CHICAGO -- Penn State athletic director Dave Joyner jokes with his Pitt counterpart Steve Pederson about scheduling football games somewhere on the Pennsylvania Turnpike between State College and Pittsburgh.
It's unlikely the Nittany Lions and Panthers will lock horns on the side of the road, but they could be seeing each other annually for many years to come. Pederson told colleague Brett McMurphy at the ACC spring meetings Tuesday that he'd like to schedule more games against Penn State beyond the schools' agreement to play from 2016-19. Joyner has strong interest, too.
"We'd be interested in talking about that," Joyner told ESPN.com at the Big Ten spring meetings. "It's a great series. It's been a great linchpin in Pennsylvania for everyone there. Steve and I will definitely talk about doing that."
The longtime rivals announced in 2011 they would resume their series, which had been dormant since 2000, and tacked on two more games in December. Penn State and Pitt met every season from 1935-1992. They took a break when Penn State joined the Big Ten, but then resumed with a four-game series from 1997-2000. The Lions own a 50-42-4 advantage in the all-time series.
Pederson said he "would sign a 30-year deal" if he could, adding that the Pitt-Penn State game "ought to be played." Penn State coach Bill O'Brien also has voiced his support for the series.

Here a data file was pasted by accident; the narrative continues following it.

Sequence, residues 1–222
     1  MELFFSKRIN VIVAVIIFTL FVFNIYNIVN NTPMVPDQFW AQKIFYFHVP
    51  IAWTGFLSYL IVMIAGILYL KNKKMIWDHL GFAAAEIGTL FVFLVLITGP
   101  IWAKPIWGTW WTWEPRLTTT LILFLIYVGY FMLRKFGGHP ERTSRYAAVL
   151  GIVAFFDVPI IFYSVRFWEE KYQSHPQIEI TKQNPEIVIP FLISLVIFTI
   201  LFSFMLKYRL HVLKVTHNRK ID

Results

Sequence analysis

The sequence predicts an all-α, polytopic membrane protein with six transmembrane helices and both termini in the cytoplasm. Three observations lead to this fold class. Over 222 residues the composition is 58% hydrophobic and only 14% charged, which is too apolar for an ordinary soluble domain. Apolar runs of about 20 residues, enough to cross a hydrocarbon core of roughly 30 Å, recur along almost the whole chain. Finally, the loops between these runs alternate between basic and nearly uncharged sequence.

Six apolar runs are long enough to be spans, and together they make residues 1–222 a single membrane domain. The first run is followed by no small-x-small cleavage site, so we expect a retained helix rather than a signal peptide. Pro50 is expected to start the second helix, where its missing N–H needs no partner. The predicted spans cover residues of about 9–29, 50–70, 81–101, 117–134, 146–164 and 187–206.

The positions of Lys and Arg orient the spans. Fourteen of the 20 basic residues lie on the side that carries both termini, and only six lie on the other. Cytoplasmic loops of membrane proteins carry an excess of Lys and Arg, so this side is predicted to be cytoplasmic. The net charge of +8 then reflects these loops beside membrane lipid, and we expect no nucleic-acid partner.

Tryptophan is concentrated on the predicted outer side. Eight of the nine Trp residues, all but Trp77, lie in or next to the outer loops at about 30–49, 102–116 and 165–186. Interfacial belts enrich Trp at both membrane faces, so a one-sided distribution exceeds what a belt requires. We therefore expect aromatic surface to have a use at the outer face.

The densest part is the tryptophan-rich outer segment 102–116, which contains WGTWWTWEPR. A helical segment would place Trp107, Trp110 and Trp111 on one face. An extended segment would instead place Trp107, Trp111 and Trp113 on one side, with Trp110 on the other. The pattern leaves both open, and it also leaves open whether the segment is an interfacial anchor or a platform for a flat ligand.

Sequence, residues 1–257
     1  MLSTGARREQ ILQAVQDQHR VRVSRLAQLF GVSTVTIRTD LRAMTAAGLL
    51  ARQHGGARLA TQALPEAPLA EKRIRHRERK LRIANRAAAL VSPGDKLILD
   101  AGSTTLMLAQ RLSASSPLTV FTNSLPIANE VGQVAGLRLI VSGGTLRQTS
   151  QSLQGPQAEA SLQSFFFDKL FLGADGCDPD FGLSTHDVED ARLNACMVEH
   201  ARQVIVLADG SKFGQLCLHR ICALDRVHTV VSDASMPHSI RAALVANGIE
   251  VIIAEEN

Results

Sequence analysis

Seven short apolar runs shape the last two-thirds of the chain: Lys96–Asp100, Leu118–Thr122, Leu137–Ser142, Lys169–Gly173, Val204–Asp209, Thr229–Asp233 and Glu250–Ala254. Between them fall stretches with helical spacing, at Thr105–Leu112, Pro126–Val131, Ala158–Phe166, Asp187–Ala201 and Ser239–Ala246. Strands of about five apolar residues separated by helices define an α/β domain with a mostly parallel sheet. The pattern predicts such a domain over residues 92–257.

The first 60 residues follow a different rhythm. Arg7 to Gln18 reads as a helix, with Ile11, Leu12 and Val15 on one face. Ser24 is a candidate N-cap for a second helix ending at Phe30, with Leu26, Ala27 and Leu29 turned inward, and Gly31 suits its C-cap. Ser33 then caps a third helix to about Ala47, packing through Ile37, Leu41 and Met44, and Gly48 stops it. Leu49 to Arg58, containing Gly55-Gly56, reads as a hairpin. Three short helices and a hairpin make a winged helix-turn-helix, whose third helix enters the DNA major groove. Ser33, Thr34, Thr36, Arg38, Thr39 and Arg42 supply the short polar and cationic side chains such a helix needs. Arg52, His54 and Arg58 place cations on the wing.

"Pitt-Penn State, who can forget those games back in the day, usually late in the season, snowing?" O'Brien said on Penn State's recent coaches' caravan. "I think it's great for college football."
Penn State might not be able to play Pitt annually after the Big Ten goes to a nine-game conference schedule in 2016, but there is certainly more support for the series than there was during the latter part of Joe Paterno's tenure.
Joyner also said Penn State is "actively working" on a 2014 game in Ireland, reportedly against UCF, and hopes to have a resolution in the next few weeks. More neutral-site games are a possibility for Penn State, which kicks off the 2013 season against Syracuse at MetLife Stadium in New Jersey.
"Neutral sites are a very, very interesting proposition," Joyner said. "It's good for everybody. From a monetary standpoint, it's a very satisfactory thing to do, but it also engages people in other parts of the country to perhaps come to games. So it's a good thing to consider doing."